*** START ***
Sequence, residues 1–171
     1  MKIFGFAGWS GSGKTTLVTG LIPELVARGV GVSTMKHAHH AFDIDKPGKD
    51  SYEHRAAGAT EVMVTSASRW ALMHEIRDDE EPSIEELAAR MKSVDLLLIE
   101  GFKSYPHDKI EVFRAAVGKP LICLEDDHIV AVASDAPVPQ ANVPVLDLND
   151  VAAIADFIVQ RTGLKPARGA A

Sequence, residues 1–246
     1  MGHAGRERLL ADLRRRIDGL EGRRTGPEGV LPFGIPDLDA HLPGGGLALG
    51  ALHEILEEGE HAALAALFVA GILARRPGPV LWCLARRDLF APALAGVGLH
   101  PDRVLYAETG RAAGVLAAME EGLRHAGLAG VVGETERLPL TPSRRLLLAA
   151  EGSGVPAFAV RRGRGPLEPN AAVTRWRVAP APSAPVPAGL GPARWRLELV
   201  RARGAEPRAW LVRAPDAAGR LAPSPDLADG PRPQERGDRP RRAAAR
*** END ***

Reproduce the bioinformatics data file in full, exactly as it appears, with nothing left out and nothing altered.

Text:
Sequence, residues 1–171
     1  MKIFGFAGWS GSGKTTLVTG LIPELVARGV GVSTMKHAHH AFDIDKPGKD
    51  SYEHRAAGAT EVMVTSASRW ALMHEIRDDE EPSIEELAAR MKSVDLLLIE
   101  GFKSYPHDKI EVFRAAVGKP LICLEDDHIV AVASDAPVPQ ANVPVLDLND
   151  VAAIADFIVQ RTGLKPARGA A

Sequence, residues 1–246
     1  MGHAGRERLL ADLRRRIDGL EGRRTGPEGV LPFGIPDLDA HLPGGGLALG
    51  ALHEILEEGE HAALAALFVA GILARRPGPV LWCLARRDLF APALAGVGLH
   101  PDRVLYAETG RAAGVLAAME EGLRHAGLAG VVGETERLPL TPSRRLLLAA
   151  EGSGVPAFAV RRGRGPLEPN AAVTRWRVAP APSAPVPAGL GPARWRLELV
   201  RARGAEPRAW LVRAPDAAGR LAPSPDLADG PRPQERGDRP RRAAAR